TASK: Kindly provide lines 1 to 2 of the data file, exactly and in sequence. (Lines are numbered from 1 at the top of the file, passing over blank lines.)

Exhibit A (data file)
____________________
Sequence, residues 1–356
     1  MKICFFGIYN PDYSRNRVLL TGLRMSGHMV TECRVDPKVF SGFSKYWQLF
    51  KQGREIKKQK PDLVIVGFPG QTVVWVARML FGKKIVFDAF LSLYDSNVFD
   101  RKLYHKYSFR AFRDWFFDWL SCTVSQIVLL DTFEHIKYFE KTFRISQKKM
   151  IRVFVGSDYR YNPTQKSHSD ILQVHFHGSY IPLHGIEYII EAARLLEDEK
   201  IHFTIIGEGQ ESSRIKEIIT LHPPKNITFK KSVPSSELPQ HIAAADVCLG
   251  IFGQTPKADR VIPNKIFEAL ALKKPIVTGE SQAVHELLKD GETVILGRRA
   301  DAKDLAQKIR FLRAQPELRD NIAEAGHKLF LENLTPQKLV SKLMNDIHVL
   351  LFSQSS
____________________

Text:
Sequence, residues 1–356
     1  MKICFFGIYN PDYSRNRVLL TGLRMSGHMV TECRVDPKVF SGFSKYWQLF